Dr. Susan French
Nursing in the new millennium
Nearly 20 years ago, His Highness the Aga Khan, the Imam (spiritual leader) for Shia Imami Ismaili Muslims, approached McMaster to ask for help with developing a school of nursing in Karachi, Pakistan.
French was eager to take on this challenge. In a population of about 135 million, Pakistan had roughly 20,000 nurses. By comparison, Canada has over 250,000 nurses.
The Aga Khan and McMaster, with some funding from Canada, developed a diploma-level program at the University of Aga Khan, and then the first undergraduate program in the country. Also, they addressed education, profession regulations, strengthened the existing professional organization, and developed research.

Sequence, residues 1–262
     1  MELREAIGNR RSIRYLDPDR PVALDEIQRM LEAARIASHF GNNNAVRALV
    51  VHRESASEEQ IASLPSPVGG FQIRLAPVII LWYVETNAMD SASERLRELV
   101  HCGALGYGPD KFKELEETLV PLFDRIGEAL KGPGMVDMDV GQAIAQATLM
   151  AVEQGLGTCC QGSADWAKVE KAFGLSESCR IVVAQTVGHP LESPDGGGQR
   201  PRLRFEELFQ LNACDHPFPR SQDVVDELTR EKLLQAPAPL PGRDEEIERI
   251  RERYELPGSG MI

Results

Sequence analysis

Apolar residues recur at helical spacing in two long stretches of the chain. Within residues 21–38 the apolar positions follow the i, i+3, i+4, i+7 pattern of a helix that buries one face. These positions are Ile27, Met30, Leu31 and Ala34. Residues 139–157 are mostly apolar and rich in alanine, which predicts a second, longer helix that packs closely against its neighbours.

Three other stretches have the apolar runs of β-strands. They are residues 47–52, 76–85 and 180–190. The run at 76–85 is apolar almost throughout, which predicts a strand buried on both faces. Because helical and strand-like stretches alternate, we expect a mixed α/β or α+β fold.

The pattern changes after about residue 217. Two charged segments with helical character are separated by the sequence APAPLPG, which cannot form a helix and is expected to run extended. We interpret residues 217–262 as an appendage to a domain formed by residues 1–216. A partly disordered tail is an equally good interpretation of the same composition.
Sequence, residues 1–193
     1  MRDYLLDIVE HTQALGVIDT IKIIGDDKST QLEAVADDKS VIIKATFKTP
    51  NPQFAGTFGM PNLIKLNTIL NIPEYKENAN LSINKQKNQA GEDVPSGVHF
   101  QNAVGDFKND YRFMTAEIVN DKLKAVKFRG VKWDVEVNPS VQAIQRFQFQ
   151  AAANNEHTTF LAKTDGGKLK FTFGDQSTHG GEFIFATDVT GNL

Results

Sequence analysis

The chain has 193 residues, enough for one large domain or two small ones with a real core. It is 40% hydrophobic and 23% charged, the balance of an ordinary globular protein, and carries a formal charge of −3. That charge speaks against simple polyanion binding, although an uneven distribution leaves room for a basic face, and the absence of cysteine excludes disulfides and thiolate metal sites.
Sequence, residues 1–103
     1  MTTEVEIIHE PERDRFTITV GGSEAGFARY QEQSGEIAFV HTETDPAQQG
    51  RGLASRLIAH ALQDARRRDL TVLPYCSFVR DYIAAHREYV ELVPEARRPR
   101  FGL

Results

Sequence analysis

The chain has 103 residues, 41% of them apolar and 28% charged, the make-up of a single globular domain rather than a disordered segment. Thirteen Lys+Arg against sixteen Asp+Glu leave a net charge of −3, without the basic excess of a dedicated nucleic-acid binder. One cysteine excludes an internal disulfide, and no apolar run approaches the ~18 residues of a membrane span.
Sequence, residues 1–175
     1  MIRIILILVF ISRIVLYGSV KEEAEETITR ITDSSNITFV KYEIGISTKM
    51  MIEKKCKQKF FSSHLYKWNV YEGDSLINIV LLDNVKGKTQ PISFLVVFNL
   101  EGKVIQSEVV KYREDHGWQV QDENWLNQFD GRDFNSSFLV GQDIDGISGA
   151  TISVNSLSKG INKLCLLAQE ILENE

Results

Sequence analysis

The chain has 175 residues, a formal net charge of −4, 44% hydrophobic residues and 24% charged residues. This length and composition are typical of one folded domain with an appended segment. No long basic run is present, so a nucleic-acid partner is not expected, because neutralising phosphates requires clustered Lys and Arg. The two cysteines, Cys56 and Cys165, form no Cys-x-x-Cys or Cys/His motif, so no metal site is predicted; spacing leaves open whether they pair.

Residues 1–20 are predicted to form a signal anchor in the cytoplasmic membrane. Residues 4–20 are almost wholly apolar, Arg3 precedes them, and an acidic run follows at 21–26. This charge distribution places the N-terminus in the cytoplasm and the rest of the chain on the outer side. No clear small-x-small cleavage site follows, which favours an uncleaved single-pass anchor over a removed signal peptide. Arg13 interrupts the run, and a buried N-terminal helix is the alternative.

Although much has been accomplished, it will take many more years and more support from the government to truly make a difference. Currently, Pakistan devotes no more than about three per cent of its budget to health and education.
French started an educational exchange, bringing over students from Pakistan to Hamilton for six months of training. The Pakistani nurses were eager to learn about Canadian techniques and technology. French says it was interesting to see the Canadian experience through the eyes of newcomers. When they visited rural areas up north, the Pakistani nurses were appalled at the lack of birthing services and that women were flown away from home to give birth.
“I’ve become an advocate for women’s health after all of this experience,” French says. She also remains committed to development issues and is looking at a range of international possibilities for McGill. Starting this year, nursing students will be doing an eight-week internship, and she hopes to eventually encourage international placements. “It’s good for students to become aware.”
Previously on Ismailimail…